Mary Anne: When researching this novel did you come upon any unexpected historical discoveries?
Philip Gooden: I had an enjoyable time tramping around Old Sarum, the hill-fort a few miles north of the city, which provides the opening scene and also a location for another murder in The Salisbury Manuscript. Stonehenge is the most famous prehistoric site not far from the city but there are many other mounds, barrows and monuments in the area. As in so many parts of Britain, this is a place where you feel close to the distant past. It can be literally under your feet.
I also took a ‘spire tour’ of Salisbury Cathedral. It’s another world up there. Visitors can’t go to the top of course but they can see how the medieval builders left their scaffolding in place inside the spire, presumably because it was too much trouble to dismantle. I also learnt that a sailor capered up the outside of the steeple to celebrate the Restoration, when Charles II came to the throne. Apparently he did a handstand at the top. These are the sort of oddball facts that give extra flavour to a story.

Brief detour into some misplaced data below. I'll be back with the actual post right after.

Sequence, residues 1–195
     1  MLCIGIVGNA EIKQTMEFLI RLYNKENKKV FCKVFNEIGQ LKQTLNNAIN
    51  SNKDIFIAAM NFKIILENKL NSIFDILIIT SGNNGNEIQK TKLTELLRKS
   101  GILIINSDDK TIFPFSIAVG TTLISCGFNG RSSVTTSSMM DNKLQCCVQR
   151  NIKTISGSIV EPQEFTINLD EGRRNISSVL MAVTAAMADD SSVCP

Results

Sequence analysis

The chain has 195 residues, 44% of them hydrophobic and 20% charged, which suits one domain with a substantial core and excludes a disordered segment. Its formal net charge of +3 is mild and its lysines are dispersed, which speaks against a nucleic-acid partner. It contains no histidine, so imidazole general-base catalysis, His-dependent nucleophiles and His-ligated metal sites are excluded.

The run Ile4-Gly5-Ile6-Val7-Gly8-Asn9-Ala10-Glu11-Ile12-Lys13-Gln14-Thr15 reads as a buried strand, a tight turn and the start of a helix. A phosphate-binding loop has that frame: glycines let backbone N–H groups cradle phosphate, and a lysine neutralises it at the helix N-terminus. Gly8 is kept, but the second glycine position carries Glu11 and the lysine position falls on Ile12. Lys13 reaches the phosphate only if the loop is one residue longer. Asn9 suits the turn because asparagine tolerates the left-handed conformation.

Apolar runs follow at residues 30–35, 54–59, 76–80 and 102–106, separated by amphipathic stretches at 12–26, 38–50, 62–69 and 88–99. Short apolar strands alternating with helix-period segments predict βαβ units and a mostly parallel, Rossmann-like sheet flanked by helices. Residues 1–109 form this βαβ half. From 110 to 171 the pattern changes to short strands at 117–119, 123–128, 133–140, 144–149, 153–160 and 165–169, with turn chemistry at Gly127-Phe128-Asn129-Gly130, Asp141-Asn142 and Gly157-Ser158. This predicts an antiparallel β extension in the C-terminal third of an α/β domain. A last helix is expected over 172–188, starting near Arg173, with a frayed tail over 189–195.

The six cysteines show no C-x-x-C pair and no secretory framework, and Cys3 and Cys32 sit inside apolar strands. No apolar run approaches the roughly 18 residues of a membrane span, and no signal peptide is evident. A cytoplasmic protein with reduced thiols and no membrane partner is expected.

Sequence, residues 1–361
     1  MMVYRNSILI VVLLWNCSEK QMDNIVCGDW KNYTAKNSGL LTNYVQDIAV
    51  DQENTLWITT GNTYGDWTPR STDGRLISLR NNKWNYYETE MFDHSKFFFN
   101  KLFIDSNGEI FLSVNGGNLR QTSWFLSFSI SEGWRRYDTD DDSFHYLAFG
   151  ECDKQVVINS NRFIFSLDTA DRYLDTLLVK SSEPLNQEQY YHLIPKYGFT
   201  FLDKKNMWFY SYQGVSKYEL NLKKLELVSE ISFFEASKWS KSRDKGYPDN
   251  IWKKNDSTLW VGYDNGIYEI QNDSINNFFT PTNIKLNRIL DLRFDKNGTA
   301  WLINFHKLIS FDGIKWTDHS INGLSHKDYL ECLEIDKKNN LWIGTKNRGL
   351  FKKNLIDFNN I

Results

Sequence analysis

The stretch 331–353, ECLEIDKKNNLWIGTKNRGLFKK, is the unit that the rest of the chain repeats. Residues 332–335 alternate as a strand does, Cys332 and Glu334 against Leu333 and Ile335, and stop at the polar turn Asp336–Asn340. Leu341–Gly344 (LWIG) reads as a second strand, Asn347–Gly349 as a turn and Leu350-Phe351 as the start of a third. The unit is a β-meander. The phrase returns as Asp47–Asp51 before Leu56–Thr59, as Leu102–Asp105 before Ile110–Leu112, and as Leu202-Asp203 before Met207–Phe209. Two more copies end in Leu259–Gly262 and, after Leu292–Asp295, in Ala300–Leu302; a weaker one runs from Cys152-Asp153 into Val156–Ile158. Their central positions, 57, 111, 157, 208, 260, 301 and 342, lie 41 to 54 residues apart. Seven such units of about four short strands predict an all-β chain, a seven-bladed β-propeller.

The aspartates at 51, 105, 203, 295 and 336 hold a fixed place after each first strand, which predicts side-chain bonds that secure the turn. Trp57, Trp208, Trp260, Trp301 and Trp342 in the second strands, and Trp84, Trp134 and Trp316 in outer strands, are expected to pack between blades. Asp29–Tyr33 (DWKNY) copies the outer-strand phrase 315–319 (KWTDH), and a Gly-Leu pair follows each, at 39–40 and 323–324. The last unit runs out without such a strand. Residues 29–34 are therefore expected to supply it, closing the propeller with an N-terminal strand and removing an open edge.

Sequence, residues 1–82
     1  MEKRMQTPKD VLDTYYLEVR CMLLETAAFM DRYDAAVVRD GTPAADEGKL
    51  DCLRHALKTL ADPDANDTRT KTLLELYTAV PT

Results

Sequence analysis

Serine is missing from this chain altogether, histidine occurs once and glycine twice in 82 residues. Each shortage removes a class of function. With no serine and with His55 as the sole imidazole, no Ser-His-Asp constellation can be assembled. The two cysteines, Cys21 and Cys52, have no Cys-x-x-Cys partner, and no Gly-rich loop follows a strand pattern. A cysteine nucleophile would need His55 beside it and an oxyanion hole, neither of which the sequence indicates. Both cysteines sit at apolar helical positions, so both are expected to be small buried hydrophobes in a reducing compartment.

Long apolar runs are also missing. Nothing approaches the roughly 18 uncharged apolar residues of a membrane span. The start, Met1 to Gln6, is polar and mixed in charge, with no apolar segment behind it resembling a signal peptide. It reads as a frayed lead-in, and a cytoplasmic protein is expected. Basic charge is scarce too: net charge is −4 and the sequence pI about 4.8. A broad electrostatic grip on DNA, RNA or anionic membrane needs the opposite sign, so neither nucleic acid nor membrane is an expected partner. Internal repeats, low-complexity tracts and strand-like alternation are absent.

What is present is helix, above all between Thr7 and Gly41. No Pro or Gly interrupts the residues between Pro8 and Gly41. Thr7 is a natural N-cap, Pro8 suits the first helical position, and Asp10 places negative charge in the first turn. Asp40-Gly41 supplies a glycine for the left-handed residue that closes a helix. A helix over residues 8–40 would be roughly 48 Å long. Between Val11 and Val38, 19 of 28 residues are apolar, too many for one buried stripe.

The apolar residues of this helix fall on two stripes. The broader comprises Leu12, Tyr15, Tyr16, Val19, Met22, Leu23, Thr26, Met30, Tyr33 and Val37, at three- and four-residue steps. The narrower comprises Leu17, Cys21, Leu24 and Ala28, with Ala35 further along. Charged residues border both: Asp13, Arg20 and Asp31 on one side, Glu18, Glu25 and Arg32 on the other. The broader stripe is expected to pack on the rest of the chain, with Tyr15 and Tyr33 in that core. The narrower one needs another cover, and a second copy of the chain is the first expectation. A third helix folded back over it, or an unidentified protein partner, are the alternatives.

Mary Anne: Do you think historical fiction authors have a responsibility to depict the past as accurately as they can?
Philip Gooden: Yes and no. Readers should be aware that they’re reading fiction - the writer is allowed to make things up! But most historical fiction authors probably have an innate wish to stick to historical fact, partly out of respect for the past and partly because they will have have done quite a bit of research which they don’t want to waste. In other words you don’t turn the French into the victors at Trafalgar or marry off Queen Elizabeth I, unless you are writing a counterfactual or ‘alternative’ story. History provides enough narrative twists and surprises anyway, without the need to invent much. And if you are dealing with a well-known person or event there are almost certainly gaps in what is known about them which you are at liberty to fill as you wish.